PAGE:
# Geometrical interpretation of $I(X_1\cap X_2)\neq I(X_1)+I(X_2)$, $X_i$ algebraic sets in $\mathbb{A}^n$

Edit: I should point out that I'm working over an algebraically closed field $k$.

Let $X_1,X_2\subset\mathbb{A}^n$ be affine algebraic sets. Show that $I(X_1\cap X_2)=\sqrt{I(X_1)+I(X_2)}$. Show by example that taking the radical here is necessary. Can you see geometrically what it means if $I(X_1\cap X_2)\neq I(X_1)+I(X_2)$?

I showed this using that for ideals $\mathfrak{a}_1,\mathfrak{a}_2$ in a ring, $\sqrt{\mathfrak{a}_1+\mathfrak{a}_2}=\sqrt{\sqrt{\mathfrak{a}_1}+\sqrt{\mathfrak{a}_2}}$. As for an example, I took $X_1=V(x)$, $X_2=V(x+y^2)$ in $\mathbb{A}^2$. Then $$I(X_1)+I(X_2)=\langle x\rangle+\langle x+y^2\rangle=\langle x,y^2\rangle,$$ which is not radical. But I don't know exactly how to interpret that geometrically.

The intersection of those two varieties is just the origin. I would have supposed that it has something to do with the origin occurring "more than once" (read from the ideal $\langle x,y^2\rangle$), but I'm not sure why that is the case. Is it because the variety $X_1$ is a tangent to $X_2$ at the origin, and thus it counts as a "double" intersection? Then I don't understand it, because the point $0$ occurs only once in $X_1$, so why twice in the intersection? And what is the difference - geometrically - between $\langle x,y^2\rangle$ and $\langle x^2,y\rangle$?

Thank you very much for helping me understand these things!

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First let me congratulate you: your intuition is remarkably correct and your example is excellent.

In the land of scheme theory things are astonishingly simple:
Given two subschemes $X_1= V(I_1), X_2=V(I_2)\subset \mathbb A^n _k$, their intersection $X_1\cap X_2=V(I_1+ I_2)$ is defined by the sum of their ideals, period .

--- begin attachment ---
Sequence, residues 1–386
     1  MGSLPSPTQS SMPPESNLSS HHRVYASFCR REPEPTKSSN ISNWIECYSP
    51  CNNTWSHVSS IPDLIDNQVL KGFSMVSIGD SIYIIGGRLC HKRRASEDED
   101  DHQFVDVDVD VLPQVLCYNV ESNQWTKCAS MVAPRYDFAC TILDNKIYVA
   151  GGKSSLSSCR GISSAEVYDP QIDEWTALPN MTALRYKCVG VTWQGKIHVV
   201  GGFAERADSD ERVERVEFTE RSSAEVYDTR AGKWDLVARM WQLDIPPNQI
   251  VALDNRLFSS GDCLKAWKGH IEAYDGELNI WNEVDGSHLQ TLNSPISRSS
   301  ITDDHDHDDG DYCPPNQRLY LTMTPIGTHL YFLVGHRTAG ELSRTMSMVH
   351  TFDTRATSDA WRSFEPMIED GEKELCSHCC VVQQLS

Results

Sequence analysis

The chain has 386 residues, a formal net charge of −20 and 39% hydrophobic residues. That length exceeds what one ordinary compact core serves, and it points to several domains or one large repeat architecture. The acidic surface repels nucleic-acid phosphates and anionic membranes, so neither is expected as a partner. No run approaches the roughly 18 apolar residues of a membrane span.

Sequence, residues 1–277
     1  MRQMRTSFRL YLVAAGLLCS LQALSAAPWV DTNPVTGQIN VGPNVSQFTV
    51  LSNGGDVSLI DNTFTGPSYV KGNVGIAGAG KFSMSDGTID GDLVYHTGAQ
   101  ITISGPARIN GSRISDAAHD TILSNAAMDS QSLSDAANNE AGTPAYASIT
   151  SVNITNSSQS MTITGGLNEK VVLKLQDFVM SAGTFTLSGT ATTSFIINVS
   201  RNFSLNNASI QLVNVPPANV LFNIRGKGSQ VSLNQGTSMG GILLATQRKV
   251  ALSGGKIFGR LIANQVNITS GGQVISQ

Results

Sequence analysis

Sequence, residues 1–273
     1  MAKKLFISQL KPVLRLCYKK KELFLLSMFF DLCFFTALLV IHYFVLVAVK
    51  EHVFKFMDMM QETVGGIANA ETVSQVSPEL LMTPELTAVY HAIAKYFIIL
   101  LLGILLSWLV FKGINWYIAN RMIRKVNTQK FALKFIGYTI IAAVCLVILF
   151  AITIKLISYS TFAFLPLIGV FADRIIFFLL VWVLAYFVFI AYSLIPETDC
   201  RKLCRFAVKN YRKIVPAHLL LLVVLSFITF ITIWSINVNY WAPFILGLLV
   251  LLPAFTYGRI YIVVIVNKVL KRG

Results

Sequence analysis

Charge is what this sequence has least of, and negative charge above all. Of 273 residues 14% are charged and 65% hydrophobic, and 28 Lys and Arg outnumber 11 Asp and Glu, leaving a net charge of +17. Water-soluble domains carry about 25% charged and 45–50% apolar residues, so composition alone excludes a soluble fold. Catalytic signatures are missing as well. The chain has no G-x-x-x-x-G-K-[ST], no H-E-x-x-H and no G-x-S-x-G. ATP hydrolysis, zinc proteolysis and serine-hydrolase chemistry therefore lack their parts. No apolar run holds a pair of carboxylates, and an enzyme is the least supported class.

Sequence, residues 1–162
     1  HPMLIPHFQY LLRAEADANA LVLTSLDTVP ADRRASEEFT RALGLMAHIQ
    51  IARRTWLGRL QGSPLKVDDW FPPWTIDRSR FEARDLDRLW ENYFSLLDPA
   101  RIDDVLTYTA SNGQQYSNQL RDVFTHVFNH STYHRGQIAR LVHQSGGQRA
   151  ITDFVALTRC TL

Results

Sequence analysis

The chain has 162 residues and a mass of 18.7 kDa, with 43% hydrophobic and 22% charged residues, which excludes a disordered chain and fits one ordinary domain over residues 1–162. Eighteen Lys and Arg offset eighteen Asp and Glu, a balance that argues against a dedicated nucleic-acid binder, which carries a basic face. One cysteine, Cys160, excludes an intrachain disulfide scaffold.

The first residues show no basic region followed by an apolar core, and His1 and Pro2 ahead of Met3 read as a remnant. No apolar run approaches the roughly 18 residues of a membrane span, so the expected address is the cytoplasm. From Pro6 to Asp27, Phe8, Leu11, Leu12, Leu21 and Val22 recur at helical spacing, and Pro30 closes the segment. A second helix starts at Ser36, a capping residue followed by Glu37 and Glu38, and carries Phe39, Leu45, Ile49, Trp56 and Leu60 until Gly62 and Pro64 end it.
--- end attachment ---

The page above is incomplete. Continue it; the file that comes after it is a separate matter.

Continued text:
In your example $I_1=(x), \: I_2=(x+y^2)$ and so the intersection $X_1\cap X_2$ is given by the ideal $I_1+ I_2=(x, y^2)$.
This is carefully to be distinguished from the subscheme $$(X_1\cap X_2)_{red}=V(\sqrt{I_1+ I_2})= V(x,y)\subsetneq X_1\cap X_2$$ which is smaller in the sense that it has the same underlying set (the origin $(0,0)$), but less functions living on it: only the elements of $k$, whereas on the genuine intersection $X_1\cap X_2$ the set of regular functions is the non reduced ring $k[y]/(y^2)$.
The non reducedness is the translation of the tangency of $X_1$ and $X_2$ at $(0,0)$.

In the more barren land of classical varieties you are constrained to reduced ideals and their corresponding varieties.
Unfortunately this implies that even if you want to intersect two reduced varieties, the intersection will not be reduced, as in the example examined above, and you will be forced to reduce that intersection by taking the root $\sqrt{I_1+ I_2}$ of the genuine ideal $I_1+ I_2$ of the intersection.

Edit
I'll add a few words about your last question, the difference between $(x,y^2)$ and $(y,x^2)$, which I forgot to address.
The first ideal can be seen as that of the intersection $S=V\cap L=V(x,y^2)$ of the parabola $P=V(x-y^2)$ and the vertical line $L=V(x)$.
From the classical varieties point of view this is just the origin $O=(0,0)$.
But scheme-theoretically you add the information that the ring of regular functions is $k[x,y]/(x, y^2)=k[y]/( y^2)$, so that a function on $S$ is of the form $q+r\bar y$.
In other words, the intersection $S$ is a little bigger than just$O$, in that if you restrict a polynomial $F(x,y)=a+bx+cy+dx^2+...$ to $S$, you will get $a+c\bar y$ :you can compute $c=\frac {\partial F}{\partial y}(0,0)$ for a function on $S$!
A similar analysis applies to $T=V(y,x^2)$ on which you can compute $\frac {\partial F}{\partial x}(0,0)$

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Hello @Georges, first of all, thanks for all the great answers you already wrote in my topics! I'm not so sure I understand most of the scheme stuff yet, but I'm happy my intuition was okay there :) What about the difference between $\langle x,y^2\rangle$ and $\langle x^2,y\rangle$. They should both be the origin "doubled" in some way. Is it maybe some kind of indication of what direction the curves are intersection at $0$? –  InvisiblePanda Feb 19 '12 at 15:51
Dear @Rand: sorry, I forgot about that part of the question. I have added a few words in an edit on it. –  Georges Elencwajg Feb 19 '12 at 16:51
Edit: @Georges: No need to be sorry, it was a very insightful answer anyway, now even more. Thank you! –  InvisiblePanda Feb 19 '12 at 16:53